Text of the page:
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Good Samaritans Volunteers Helping Victims Program Handbook and Training Guide
Top navigation About This Guide Message From the Director Acknowledgments About the Authors Related Links
Photo: Man and woman looking out of a broken window.

Publication Date: April 2009

minus iconFilling a Void—Origins of the Program
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minus iconVolunteers: Recruiting,
Screening, and Training

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minus iconModule 2: The Victim Experience
minus iconModule 3: Basic Skills for Volunteers
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What Good Samaritans Do

Good Samaritans seek to help crime victims who are less able to help themselves and not likely to be served by other victim assistance organizations, such as a domestic violence shelter or a rape crisis center. Good Samaritans are trained to know about these and other community resources, however, and to refer victims to the most appropriate services for their needs.

Whether providing direct service, emotional support, or referral to other community resources, Good Samaritans are attuned to victim needs. They—

Focus on Vulnerable Crime Victims

Even repairing a broken lock can be beyond the capability of a vulnerable crime victim with no family living nearby. A stolen Social Security check could mean the difference between life and death. Navigating the court system can be bewildering and frightening.

Provide Direct Services

Volunteers receive specific training on how to provide certain direct services, such as—

  • Making repairs to a home after a break-in.
  • Conducting home safety inspections to prevent revictimization.
  • Accompanying victims to court.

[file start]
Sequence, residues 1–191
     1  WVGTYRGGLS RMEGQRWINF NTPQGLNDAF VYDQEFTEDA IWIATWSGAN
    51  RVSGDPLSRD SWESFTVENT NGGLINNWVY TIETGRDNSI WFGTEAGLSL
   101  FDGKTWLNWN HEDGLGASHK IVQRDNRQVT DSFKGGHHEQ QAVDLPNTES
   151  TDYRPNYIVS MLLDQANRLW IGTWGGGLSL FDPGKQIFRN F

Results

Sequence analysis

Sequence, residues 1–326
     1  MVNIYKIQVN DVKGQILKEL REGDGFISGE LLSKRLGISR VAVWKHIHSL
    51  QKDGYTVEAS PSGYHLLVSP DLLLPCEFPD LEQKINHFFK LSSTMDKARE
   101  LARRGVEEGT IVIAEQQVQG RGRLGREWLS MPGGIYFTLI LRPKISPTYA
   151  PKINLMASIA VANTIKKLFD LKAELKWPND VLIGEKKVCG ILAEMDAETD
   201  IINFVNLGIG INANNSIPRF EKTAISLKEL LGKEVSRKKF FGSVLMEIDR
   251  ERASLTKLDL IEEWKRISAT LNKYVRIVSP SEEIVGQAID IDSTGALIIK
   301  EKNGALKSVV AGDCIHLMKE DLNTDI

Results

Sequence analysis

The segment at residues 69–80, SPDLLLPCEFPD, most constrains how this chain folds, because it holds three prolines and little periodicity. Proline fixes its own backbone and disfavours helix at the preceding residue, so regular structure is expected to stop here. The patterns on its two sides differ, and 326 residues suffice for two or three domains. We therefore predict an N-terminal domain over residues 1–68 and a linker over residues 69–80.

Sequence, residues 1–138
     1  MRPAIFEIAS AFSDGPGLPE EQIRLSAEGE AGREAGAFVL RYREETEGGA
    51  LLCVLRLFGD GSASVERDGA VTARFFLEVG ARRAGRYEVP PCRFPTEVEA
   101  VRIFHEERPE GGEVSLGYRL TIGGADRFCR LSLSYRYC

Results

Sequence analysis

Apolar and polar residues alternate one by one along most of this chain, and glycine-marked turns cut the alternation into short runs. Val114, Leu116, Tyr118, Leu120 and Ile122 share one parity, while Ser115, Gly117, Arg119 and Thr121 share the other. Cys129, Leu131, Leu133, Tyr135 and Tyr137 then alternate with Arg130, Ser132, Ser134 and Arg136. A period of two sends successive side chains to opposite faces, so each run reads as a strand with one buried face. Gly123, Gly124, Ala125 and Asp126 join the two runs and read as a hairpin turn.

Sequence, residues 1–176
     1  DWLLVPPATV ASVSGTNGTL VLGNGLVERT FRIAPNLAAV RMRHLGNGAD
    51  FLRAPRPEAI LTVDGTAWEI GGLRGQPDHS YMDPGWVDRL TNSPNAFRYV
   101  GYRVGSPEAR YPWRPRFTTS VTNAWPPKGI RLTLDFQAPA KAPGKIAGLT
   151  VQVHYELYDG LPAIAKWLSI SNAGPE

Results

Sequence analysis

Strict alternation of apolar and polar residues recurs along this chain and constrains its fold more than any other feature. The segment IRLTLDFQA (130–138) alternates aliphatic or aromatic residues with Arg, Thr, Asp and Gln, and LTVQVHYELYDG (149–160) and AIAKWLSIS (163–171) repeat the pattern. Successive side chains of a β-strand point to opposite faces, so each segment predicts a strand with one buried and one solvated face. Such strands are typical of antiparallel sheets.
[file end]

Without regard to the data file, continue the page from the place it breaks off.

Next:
• Supplying "victim care kits" or other support.

Give Information and Referral

Victims in crisis need information about services available to them and may need assistance in setting priorities. Good Samaritans volunteers are trained in how to communicate effectively with victims in crisis and how to help them access community resources.

Provide Reassurance Visits or Calls

Followup is a key component of both professional and volunteer victim assistance. Good Samaritans make sure that victims continue to have access to support and services after the crime, as needed or desired.

Show Commitment

Volunteers must be willing to work within a team, undergo criminal background checks, and complete basic training. These core elements ensure victim and volunteer safety at a crime scene and equip volunteers with essential skills for providing appropriate services to victims in crisis.

Volunteers must also commit to adequate time and availability, so that when a victim needs help, a capable volunteer will be available to serve.

Volunteers serving on the "hammer and nails" repair teams must also agree to be on call for specific periods of time and remain reachable by pager or cell phone.

Module 4's Sample Job Descriptions page provides more detailed descriptions of what Good Samaritans volunteers do and the procedures they should follow.